Habib Gerez, Jewish Turkish Poet, Artist, Journalist

slider-April21st2015

In the previous piece I wrote a story about Ranna, my daughter, and I strolling on Istiklal Avenue, a very famous street on Istanbul’s European side. I explained how a 12-year-old Turkish shopkeeper on Galata’s historical tourist neighborhood was able to rip us off for a cup of pomegranate juice. It was also there, in a spice shop at Galata, I met an old handsome Turkish artist. His name was Habib Gerez.

[pullquote]Summery: Habib Gerez is a Turkish Jewish artist, poet and journalist living in Galata, a historical tourist neighborhood in Istanbul[/pullquote]

Gerez took us back to the green narrow ally until we reached those very tall and heavy stairs. He climbed them with no problem– a bit surprising considering his 88-year-old figure, and placed the key in its keyhole. Waiting for him to open the door, I stared at the pamphlet on the wall. Yes, it was him, the artist and the poet, fluent in five languages, the scripture read.
Gerez opened the door and let us in. We entered a cozy, old-looking kitchen. Three wide stairs connected the kitchen to a spacious room on the right. A naked woman statue lie on the floor, and another naked woman made of a golden wood stood beside her.

“Too many naked women around you, Habib,” I said, referencing those sculptures inside and outside. “Tell me about them.”

“These are the work of my best friend Mustafa, a very famous sculptor in Turkey,” he replied.

Ranna pulled my skirt. “I wanna leave, mommy,” she said. Everything was so antique, dusty, and quiet. I had to entertain Ranna if I wanted to talk to Gerez. Finally I offered Ranna her most favorite toy, her iPad. “Do you wanna watch Daniel Tiger’s Neighborhood until I finish my talking with Mr. Gerez,” I asked Ranna, already knowing the answer. “Yes,” she shouted.

After I settled Ranna on a couch with her iPad, I grabbed my pen and notebook and turned followed the 88-year-old artist as he began to walk me around his three-level house.

A charming narcissist by nature, Gerez never failed to repeat his name more than one thousand times during our one-hour tour. Playful and self-assured, he showed me how he spends time between his painting studio at the upper level, his writing office on the main floor, where Ranna was sitting, and the eating area at the corner of the house.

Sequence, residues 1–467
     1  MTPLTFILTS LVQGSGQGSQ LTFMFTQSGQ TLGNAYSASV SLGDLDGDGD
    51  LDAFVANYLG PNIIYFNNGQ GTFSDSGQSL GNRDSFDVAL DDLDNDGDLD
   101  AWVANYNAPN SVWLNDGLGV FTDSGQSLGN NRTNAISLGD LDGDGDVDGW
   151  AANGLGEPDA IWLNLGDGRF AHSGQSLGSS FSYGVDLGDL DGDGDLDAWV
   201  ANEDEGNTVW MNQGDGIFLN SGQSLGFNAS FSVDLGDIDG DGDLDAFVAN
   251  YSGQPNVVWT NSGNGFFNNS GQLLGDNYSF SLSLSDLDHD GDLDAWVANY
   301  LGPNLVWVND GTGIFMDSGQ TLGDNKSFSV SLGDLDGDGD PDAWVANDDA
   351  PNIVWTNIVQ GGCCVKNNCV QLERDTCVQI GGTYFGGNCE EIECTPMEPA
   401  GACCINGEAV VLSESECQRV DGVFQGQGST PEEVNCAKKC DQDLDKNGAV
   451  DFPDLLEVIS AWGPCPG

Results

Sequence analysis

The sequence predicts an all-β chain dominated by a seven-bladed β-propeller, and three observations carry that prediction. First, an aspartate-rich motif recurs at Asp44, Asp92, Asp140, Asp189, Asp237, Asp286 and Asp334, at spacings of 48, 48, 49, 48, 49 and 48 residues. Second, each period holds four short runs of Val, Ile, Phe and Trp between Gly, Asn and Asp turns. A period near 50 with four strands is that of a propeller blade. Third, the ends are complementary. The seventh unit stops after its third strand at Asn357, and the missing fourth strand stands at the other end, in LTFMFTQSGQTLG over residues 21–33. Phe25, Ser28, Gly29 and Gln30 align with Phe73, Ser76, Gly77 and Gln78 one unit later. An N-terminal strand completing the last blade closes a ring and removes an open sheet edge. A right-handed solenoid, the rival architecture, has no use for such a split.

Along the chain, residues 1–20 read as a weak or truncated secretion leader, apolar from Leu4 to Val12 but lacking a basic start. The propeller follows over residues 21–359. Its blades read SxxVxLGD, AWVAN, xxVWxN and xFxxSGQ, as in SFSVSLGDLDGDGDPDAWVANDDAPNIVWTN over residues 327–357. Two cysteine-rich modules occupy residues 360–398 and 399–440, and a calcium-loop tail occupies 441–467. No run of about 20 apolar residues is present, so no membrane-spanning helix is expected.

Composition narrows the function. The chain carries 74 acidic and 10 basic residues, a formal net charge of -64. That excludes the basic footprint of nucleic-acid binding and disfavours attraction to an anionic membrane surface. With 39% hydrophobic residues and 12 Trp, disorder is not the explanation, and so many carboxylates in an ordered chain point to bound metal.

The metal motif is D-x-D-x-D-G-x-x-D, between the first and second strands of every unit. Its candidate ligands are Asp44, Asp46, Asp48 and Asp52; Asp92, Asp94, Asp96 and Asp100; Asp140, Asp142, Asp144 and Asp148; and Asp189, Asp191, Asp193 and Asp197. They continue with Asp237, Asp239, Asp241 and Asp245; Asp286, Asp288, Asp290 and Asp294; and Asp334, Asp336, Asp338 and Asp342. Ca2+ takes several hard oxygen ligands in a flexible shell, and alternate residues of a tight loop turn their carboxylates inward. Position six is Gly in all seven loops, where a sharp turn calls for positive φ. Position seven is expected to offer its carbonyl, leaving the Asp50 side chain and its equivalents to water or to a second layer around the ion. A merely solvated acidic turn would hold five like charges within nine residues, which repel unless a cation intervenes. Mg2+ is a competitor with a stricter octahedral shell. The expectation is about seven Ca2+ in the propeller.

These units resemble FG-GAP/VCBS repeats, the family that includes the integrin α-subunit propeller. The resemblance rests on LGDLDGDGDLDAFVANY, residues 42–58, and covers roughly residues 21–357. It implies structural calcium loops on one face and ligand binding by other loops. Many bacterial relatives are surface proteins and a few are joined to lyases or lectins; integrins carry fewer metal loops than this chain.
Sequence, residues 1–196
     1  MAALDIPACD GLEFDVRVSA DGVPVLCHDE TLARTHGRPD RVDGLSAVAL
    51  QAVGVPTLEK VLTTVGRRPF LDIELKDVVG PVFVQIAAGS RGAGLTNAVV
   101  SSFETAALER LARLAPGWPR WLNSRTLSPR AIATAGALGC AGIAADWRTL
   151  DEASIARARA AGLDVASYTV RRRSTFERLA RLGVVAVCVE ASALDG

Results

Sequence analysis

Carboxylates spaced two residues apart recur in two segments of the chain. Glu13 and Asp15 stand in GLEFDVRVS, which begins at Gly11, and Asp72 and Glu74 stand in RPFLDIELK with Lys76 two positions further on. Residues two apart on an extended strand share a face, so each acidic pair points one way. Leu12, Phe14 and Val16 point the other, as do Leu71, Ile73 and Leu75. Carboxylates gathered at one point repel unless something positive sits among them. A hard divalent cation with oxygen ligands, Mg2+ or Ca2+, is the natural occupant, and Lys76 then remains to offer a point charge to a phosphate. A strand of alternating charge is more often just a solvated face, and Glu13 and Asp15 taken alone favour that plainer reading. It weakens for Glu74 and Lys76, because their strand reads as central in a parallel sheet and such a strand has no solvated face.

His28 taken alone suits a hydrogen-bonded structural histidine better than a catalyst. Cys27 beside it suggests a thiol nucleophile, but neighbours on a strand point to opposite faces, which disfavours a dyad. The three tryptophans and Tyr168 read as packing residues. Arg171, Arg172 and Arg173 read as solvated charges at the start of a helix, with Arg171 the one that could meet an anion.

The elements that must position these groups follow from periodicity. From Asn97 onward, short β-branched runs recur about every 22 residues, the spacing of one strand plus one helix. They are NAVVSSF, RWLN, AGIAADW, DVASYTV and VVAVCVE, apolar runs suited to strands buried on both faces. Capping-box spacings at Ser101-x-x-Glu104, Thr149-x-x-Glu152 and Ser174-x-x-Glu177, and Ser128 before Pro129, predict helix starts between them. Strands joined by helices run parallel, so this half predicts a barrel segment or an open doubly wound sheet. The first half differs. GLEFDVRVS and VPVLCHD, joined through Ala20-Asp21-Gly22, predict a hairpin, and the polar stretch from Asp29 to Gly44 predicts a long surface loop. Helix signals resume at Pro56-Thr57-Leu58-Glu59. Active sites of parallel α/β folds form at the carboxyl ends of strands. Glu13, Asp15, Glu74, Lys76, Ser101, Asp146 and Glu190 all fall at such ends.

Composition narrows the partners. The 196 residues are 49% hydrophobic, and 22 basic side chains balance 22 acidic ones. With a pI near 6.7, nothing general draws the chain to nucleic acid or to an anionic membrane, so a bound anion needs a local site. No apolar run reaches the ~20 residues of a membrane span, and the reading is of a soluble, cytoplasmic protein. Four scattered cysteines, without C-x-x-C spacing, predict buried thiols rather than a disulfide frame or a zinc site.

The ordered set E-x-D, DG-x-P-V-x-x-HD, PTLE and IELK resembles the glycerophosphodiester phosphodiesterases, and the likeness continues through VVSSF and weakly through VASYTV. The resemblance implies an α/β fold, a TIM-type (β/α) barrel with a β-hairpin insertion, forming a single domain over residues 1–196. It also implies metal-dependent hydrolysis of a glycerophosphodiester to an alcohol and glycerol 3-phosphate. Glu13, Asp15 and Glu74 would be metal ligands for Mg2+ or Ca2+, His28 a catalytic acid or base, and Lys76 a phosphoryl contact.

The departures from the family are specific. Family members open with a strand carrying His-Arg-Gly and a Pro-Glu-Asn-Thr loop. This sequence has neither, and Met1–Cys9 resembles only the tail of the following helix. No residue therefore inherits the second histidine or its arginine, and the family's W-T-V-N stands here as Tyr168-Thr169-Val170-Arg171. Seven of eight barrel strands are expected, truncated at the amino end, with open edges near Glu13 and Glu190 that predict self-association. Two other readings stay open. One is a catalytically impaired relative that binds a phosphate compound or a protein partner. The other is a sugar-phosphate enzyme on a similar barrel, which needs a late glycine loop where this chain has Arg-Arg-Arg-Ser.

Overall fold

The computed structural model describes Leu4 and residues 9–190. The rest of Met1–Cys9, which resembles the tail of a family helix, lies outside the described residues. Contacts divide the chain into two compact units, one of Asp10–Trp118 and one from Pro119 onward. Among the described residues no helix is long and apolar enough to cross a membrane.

There were about 4000 paintings and books in his warehouse. He wasn’t very successful in selling his latest book “Gerez: Art is my destiny.” He handed me the book, “Here, you can have this. As you see I have plenty,” he said.

Unmarried with no children, Gerez owns four cars and he vacations in Italy and France. “I am not a wealthy man, you know,” he said. “But I know how to enjoy life.”

A  Jewish attorney by training, he never practiced law seriously. Instead he had spent his time working as a reporter for different newspapers in Istanbul, including Haftamn Sesi, A Jewish-Turkish newspaper he cofounded in 1956, and later for Salom, for which he wrote poems until 1997. Salom newspaper liked his poems and paid him handsomely.

Gerez didn’t have an appetite to listen to anyone but himself. He loved to hear the sound of “Gerez,” echoed in a room like a romantic music. I found him overwhelmingly eccentric, very likable, and gentlemanly … polite.

Even so, after all of those talks about “Gerez”, I knew so little about him. It was time to ask a personal question. “Have you ever been in love?” I asked him. He pretended he didn’t hear my question.

We went back to the same spacious room where Ranna was watching her PBS Kid cartoons on her iPad. Gerez sat behind his computer to open a link. He wanted to show me an interview he conducted for a TV show. “Everything is in English,” he said.

“Gerez, I know so much about your accomplishments,” I said. “But what about yourself? I asked you a question a minute ago, but you never answered,” I pressed.  “Once I loved a woman I shouldn’t have,” he said. “Let’s leave it there.”

Rumor has it that when he was a young man, Gerez fell in love with a French woman married to his Turkish-Jewish friend. After that big chaotic love, he could never love any other woman.

“And, how do you get along with Muslims here?” I asked.

“I am Turk,” he said, “only a Jewish one.”

 

No Comments Yet

Comments are closed